Vaccinations for vibrio are available. However, there is a need for more research on the best choice of vaccine and recommended dosing schedule. A vaccine for trich is available in the US. However, the evidence suggests that it provides some protection against fetal loss but does not effectively prevent infection.

Initiating a timed artificial insemination program is great method to prevent disease, but will still require either heat detection or a bull for “clean up”.

Other Infectious Causes of Reproductive Losses

Infectious diseases including venereal diseases described above present the greatest risk to herds that are rapidly expanding and bringing in cows from a number of sources and herds that pasture in circumstances where there is contact with other herds, such as community pastures.

Bovine viral diarrhea virus (BVDV) and Infectious Bovine Rhinotracheitis virus (IBR)

BVDV infection can lead to poor conception rates and both BVDV and IBR can cause abortions in cattle. Blood tests show exposure to these diseases is common in unvaccinated herds.

There is good evidence from a number of experimental trials that these vaccines are effective. For BDVD vaccination, an average decrease of 85% has been reported for fetal infection and 45% for abortions. On average studies reported a 5% increase in pregnancy rates in vaccinated herds.  The IBR vaccine has been reported to reduce the risk of abortion by 60% on average.  Field studies in Western Canada have shown a significant improvement in pregnancy rates and decrease in abortion rates for vaccinated compared to unvaccinated cows on community pastures.

BVDV and IBR was the most common type of vaccine reported in mature cows and bulls in a recent survey that was part of the Western Canadian Cow-Calf Surveillance Network. While most producers are vaccinating their cow herd, many producers are not yet vaccinating their bulls. Bull vaccination presents an important opportunity to decrease the risk of reproductive failure. For example, the testicular tissue of bulls can potentially remain infected with BVDV for prolonged periods and provide a source of the virus to susceptible cows and heifers.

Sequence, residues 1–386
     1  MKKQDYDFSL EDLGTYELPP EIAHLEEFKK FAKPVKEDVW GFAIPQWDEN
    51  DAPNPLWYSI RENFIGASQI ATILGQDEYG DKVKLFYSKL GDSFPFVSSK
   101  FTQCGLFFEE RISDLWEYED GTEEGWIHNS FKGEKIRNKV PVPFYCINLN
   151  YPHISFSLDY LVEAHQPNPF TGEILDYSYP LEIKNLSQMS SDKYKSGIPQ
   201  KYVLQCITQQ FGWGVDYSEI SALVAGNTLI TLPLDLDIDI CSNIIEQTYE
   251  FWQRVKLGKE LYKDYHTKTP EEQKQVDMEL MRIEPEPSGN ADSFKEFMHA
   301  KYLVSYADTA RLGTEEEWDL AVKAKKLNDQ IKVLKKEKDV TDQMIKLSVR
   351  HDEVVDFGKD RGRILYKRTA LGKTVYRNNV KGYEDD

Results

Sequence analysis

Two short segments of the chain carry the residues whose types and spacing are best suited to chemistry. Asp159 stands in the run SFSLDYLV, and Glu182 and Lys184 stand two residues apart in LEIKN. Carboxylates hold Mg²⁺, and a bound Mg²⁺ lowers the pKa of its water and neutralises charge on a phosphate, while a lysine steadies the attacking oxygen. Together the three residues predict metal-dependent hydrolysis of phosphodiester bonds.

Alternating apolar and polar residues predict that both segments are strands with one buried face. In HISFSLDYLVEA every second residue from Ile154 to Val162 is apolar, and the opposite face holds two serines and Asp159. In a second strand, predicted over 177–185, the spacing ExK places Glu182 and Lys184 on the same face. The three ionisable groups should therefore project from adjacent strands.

In herds where BVDV is suspected, testing and culling of persistently infected carrier animals can be considered as an additional management tool.

Leptospirosis

Infection with leptospirosis can lead to poor conception rates and abortions in cattle.  Producers should consult with their veterinarians to determine the risk of infection in their geographic area and what, if any, vaccine strategy is appropriate for their herd. 

Neosporosis

Neospora caninum is a protozoal parasite of canids such as coyotes and dogs that can be passed to a number of species including cattle. It is a very common cause of abortions in dairy herds, but has also been responsible for significant losses in some beef herds.  Blood tests have shown that the level of infection has stayed relatively stable over the past 20 years. On average slightly more than 1 in every 20 cows have been exposed to the parasite at some time. The infection can be transmitted from the cow to her unborn calf.  Not all exposed cows will abort. There is no effective vaccine or treatment for neosporosis. Careful dead stock management might help to minimize contact with coyotes in some areas.

Bull Fertility, Disease, and Injury

Breeding Soundness Evaluations

Depending on the survey, approximately 50 to 60% of cow-calf producers, who work with veterinarians, have reported having their bulls’ semen tested before the breeding season. Veterinarians will check scrotal circumference, the reproductive tract for any signs of abnormalities, and the semen for motility and defects. There is good evidence from field studies in Western Canada regarding the association between scrotal circumference and pregnancy rates. A breeding soundness evaluation also provides assurance that there have been no changes in semen quality from one year to the next due to disease, trauma or frostbite in bulls that might otherwise appear normal.

Reducing the risk of poor fertility 

Bulls should be monitored for excessive weight loss and illness. Heat detection, breeding attempts, and semen quality can be reduced in bulls that are under-conditioned or sick. Lameness due to footrot can be an important cause of poor pregnancy rates on pasture as bulls are less likely to seek out cows in heat. A commercial vaccine is available for footrot and its use in bulls was reported by approximately 40% of producers in a recent survey.

Clostridial vaccines are also important for protection of valuable breeding stock.  Bulls are sometimes overlooked when the rest of the mature herd is revaccinated.

Rapid detection of injuries reducing bull performance 

Frequent observation of bulls during the breeding season is important to detect any lameness, inability to mount or successfully breed that might be caused by injuries to the bull’s legs, back or penis. This is particularly vital in single bull breeding pastures. Injured bulls if detected can be replaced before too much time is lost from the breeding season.

Breeding season management